I've enabled the PF(4) firewall and blacklistd(8). Although IP addresses are being added to to blacklist, I can still see multiple failed attempts from a single IP address. Yet when I test it myself, my IP address gets blacklisted properly: it's added to the blacklist and I can't initiate any more connections from it.




# adr/mask:port type    proto   owner           name    nfail   disable
ssh             stream  *       *               *       1       365d
# Extra lines removed


UseBlacklist Yes


set skip on { lo0, em0 }

# Packet normalization
scrub in

# Integrate blacklistd to protect sshd
anchor "blacklistd/*" in on $intf


# Default firewall rules
block in
pass out
# Allow inbound SSH on the default port (22)
pass in on $intf proto tcp to ($intf) port 22
# Allow basic ICMP functionality
pass in on $intf inet proto icmp to ($intf) icmp-type { unreach, redir, timex, echoreq }

grep sshd /var/log/messages | tail -20

Mar  2 00:21:11 [...] illegal user admin from
Mar  2 00:21:30 [...] illegal user alix from
Mar  2 00:21:51 [...] illegal user gotubego from
Mar  2 00:23:35 [...] illegal user tsbot from
Mar  2 00:23:40 [...] illegal user spravce from
Mar  2 00:25:34 [...] root from
Mar  2 00:25:57 [...] illegal user admin from
Mar  2 00:27:29 [...] illegal user admin from
Mar  2 00:29:13 [...] root from
Mar  2 00:30:06 [...] root from
Mar  2 00:33:09 [...] illegal user admin from
Mar  2 00:33:23 [...] illegal user admin from
Mar  2 00:34:15 [...] illegal user bogalfb from
Mar  2 00:35:34 [...] root from
Mar  2 00:35:59 [...] illegal user admin from
Mar  3 13:35:35 [...] illegal user user from
Mar  4 19:47:59 [...] root from
Mar  5 02:09:39 [...] illegal user user from host2.awolphoto.com
Mar  5 16:02:33 [...] illegal user user from
Mar  7 04:43:38 [...] illegal user user from server28.pixeled.net

I've truncated the lines for readability. The entire first lines reads as:

Mar  2 00:21:11 phoenix sshd[94473]: error: PAM: authentication error for illegal user admin from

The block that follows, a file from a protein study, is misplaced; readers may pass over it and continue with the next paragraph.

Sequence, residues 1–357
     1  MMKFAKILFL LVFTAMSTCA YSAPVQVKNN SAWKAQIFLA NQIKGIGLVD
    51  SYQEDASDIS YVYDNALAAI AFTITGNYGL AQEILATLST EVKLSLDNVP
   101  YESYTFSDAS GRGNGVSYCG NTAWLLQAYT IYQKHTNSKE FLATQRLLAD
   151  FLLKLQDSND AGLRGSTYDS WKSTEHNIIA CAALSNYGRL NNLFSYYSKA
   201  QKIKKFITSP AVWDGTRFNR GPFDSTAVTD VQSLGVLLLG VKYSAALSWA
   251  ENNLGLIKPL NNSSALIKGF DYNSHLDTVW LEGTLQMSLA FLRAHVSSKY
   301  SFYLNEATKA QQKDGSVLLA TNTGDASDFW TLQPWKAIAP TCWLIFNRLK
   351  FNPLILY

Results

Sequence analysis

I've deleted the unuseful bits.

sudo blacklistctl dump -br   OK      2/1     1y3d22h45m57s   OK      2/1     1y3d29h16m55s   OK      40/1    20d2h19m32s   OK      2/1     22d42h8m58s   OK      2/1     2d12h1m40s   OK      2/1     7d34h39m45s   OK      62/1    9d11h56m22s

The list contains 1069 entries but not the IP address


  1. Some IP addresses time out in (more) a year (as they should) while others time out in only a couple of days (e.g. 2 days).
  2. Some IP addresses (e.g. are not added to the list while they clearly should be.
  3. Some addresses could execute as much as 62 attempts before being blocked in the list.

What am I missing in my configuration to make it work as desired?

  • From reading blacklistd.conf(5), it looks like the first field on the line in the blacklistd.conf file should be prefixed by : if it's to be taken as a port. I'm not on FreeBSD so I can't test this though. You may want to test with :ssh or wlan0:ssh. – Kusalananda Mar 8 at 10:32
  • I could give that a try. I copied it from Absolute FreeBSD, 3rd edition without the colon and it appears to work most of the time. It's adding IP addresses to the blocked list and when I test it, it blocks me correctly. – Tommiie Mar 8 at 11:07
  • Yeah, it's the only thing that stood out for me. I can't say anything more really. – Kusalananda Mar 8 at 11:20

My configuration is pretty much the same and I can't see any sshd "... illegal user ..." in /var/log/messages

The only differences are in my rc.conf


and in pf.conf. Instead of

pass in on $intf proto tcp to ($intf) port 22

you might consider this one

pass in on $intf proto tcp from any to any port ssh flags S/SA synproxy state

FWIW. To make the configuration reproducible I use my Ansible role


  • Entry " OK 62/1 9d11h56m22s" looks suspicious. Should have been blacklisted after 1st failure. How did it manage to fail 62 times?

  • Entry " OK 40/1 20d2h19m32s" dtto

  • You configured to disable for "365d", but the entries above show remaining times in couple of days. Have these entries really been blacklisted over 11 months?

Your Answer

By clicking “Post Your Answer”, you agree to our terms of service, privacy policy and cookie policy

Not the answer you're looking for? Browse other questions tagged or ask your own question.